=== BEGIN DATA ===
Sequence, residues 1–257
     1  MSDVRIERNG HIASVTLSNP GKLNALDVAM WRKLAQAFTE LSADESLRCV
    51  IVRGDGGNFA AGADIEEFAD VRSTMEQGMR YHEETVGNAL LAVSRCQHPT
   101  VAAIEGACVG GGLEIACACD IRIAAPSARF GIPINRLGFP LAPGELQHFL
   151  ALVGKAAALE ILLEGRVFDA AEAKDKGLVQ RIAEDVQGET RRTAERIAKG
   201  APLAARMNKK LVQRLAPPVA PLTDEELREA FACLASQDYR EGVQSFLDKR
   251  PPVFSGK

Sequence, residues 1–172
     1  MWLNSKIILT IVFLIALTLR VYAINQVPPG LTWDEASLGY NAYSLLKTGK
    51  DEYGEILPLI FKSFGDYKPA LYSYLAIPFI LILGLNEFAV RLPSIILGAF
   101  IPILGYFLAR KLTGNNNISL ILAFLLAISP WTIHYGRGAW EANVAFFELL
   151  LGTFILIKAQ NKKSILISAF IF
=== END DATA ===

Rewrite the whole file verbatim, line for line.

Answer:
Sequence, residues 1–257
     1  MSDVRIERNG HIASVTLSNP GKLNALDVAM WRKLAQAFTE LSADESLRCV
    51  IVRGDGGNFA AGADIEEFAD VRSTMEQGMR YHEETVGNAL LAVSRCQHPT
   101  VAAIEGACVG GGLEIACACD IRIAAPSARF GIPINRLGFP LAPGELQHFL
   151  ALVGKAAALE ILLEGRVFDA AEAKDKGLVQ RIAEDVQGET RRTAERIAKG
   201  APLAARMNKK LVQRLAPPVA PLTDEELREA FACLASQDYR EGVQSFLDKR
   251  PPVFSGK

Sequence, residues 1–172
     1  MWLNSKIILT IVFLIALTLR VYAINQVPPG LTWDEASLGY NAYSLLKTGK
    51  DEYGEILPLI FKSFGDYKPA LYSYLAIPFI LILGLNEFAV RLPSIILGAF
   101  IPILGYFLAR KLTGNNNISL ILAFLLAISP WTIHYGRGAW EANVAFFELL
   151  LGTFILIKAQ NKKSILISAF IF